We went into detail on how you can get Demographics And Geography Insights in Chapter 2. Go back and read it carefully so that you know what data to look at before going ahead with CRO.
Make sure that you understand this data very well.
Get Qualitative Insights Into Your Audience Using Surveys
Now, one of the most important data resources that you should think about when optimising your website is surveys.
Surveys are crucial for getting qualitative insights into your audience and for optimising your website based on this information.
User Experience Audits – UX Audits
Here, we are looking at the flow of how you present the content on your website, so that you know what you need to change or what things you want test out.
I don’t want to go into too much detail, as UX Audits could be covered in a separate guide all of its own. If you want to learn more about it, I would recommend reading this article on Medium.
Based on these insights, you can gain knowledge about:
- the behaviour of your users
- the motivations that your users might have
- buyer personas and who your users are
- landing page optimisation: what things you need to optimise to get more conversions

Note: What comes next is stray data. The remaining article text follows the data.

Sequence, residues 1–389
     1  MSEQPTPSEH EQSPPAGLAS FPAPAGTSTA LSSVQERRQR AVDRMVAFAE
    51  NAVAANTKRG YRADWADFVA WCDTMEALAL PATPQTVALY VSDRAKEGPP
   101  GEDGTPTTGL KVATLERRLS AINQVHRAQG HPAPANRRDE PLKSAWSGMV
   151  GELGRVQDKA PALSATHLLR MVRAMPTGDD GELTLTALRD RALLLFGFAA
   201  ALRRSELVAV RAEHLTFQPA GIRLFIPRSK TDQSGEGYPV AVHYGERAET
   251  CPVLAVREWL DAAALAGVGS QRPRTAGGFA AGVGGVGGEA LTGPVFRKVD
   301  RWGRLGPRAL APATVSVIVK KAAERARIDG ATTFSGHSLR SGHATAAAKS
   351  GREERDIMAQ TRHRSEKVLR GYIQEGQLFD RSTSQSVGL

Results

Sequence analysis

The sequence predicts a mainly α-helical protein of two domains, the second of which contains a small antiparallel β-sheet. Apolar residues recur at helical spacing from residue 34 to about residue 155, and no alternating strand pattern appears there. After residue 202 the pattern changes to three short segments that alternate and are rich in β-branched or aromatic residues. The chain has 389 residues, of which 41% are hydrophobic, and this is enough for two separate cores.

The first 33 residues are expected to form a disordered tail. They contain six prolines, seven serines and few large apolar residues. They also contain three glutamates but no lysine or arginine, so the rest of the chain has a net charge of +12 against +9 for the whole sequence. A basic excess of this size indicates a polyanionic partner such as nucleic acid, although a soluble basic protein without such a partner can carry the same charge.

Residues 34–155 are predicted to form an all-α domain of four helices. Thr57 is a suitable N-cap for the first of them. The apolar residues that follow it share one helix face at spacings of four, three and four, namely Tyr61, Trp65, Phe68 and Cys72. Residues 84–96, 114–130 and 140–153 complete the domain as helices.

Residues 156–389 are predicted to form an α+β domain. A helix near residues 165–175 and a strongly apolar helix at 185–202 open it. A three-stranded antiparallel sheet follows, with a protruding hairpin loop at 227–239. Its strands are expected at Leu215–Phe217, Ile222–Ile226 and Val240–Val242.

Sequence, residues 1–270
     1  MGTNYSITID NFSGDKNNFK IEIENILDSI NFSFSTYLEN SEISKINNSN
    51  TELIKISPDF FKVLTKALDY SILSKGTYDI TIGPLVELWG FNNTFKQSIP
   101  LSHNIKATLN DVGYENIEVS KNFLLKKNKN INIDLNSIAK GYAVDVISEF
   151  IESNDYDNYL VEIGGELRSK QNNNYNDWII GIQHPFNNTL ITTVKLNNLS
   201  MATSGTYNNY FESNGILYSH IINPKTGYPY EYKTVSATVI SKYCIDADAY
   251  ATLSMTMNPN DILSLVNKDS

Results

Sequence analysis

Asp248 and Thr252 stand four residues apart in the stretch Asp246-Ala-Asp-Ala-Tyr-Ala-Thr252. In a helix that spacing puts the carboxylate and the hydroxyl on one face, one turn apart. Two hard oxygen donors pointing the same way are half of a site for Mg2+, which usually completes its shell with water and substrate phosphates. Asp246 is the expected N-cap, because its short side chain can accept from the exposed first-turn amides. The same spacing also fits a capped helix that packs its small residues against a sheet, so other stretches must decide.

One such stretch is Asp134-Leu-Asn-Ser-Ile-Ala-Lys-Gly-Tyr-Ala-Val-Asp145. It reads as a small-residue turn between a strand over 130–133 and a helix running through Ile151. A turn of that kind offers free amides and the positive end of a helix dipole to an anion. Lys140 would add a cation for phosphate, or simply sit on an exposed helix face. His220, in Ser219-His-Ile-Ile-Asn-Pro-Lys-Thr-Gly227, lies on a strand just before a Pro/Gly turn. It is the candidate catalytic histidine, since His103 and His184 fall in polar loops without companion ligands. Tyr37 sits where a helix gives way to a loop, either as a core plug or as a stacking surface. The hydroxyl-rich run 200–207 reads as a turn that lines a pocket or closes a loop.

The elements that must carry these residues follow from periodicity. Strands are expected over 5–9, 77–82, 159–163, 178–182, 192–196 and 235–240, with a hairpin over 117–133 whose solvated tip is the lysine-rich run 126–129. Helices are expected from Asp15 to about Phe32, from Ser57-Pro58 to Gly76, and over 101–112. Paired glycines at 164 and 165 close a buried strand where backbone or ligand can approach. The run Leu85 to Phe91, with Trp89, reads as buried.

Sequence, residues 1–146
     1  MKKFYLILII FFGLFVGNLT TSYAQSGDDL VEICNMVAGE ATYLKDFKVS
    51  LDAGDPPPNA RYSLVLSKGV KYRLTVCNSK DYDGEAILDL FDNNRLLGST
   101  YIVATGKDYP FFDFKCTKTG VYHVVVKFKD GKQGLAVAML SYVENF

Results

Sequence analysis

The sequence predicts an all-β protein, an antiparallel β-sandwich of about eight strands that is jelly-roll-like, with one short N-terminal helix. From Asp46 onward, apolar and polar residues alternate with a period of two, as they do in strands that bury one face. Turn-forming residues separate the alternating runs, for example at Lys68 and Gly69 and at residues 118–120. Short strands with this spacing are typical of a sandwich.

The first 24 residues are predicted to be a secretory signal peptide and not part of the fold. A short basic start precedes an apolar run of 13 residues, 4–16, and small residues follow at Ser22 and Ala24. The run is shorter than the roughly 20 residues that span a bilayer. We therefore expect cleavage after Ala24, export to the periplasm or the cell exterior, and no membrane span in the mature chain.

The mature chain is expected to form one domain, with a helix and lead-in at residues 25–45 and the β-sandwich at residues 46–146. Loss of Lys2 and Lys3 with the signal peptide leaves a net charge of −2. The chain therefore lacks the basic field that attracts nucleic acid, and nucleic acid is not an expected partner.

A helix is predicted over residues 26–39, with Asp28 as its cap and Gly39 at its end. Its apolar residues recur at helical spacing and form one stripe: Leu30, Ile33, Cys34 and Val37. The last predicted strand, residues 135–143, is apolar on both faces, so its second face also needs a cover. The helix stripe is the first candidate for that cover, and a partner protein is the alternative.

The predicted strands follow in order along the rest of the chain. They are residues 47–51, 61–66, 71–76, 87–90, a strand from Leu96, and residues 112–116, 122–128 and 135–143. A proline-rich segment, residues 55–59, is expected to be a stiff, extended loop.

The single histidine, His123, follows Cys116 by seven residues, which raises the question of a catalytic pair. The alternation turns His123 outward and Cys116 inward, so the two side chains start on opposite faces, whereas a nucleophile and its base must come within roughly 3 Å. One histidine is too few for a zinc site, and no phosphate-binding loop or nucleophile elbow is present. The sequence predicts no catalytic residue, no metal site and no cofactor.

The first thing you need to do in order to grab more leads is to understand your audience and to use all of the tools that are now available to you.
Use The Good Old Pareto Principle To Understand Your Buyer Persona
Use the Pareto principle to define your buyer persona.
[ht_message mstyle=”info” title=”As you can see in the mind map below, there are 4 phases involved in identifying our buyer persona:” ” show_icon=”true” id=”” class=”” style=”” ]
- Definition Phase
20/80 your existing audience
Tools: Google Analytics, Mixpanel
- Pain Identification
20/80 their pains with surveys
Tools: Omniconvert, VWO
- Landing Page Crafting
One for each buyer persona
Tools: Instapage, Landingi, Unbounce
- Form Management
Different for each buyer persona depending on what you know about them
Tools: Paperform, Typeform, 123ContactForm, custom-made
An Ongoing Process To A/B Test Your Landing Pages
To have an ongoing process to A/B test your landing pages.
If you’re using less than 5 LPs you are doing something wrong.
If you’re using between 5-20 LPs you are doing something very good.
If you have more than 20 LPs you are doing an amazing job.
Besides that, you should A/B test them so that you can craft them as an ongoing process.
[ht_message mstyle=”info” title=”Here’s what we recommend you to test (one test at a time):” ” show_icon=”true” id=”” class=”” style=”” ]
- Landing Page Layouts – you’ll need to test layout no.1 vs. layout no.2 (ask your designer to make 2 different layouts)
- UVPs (Unique Value Proposition) – you’ll need to find out which UVP fits your audience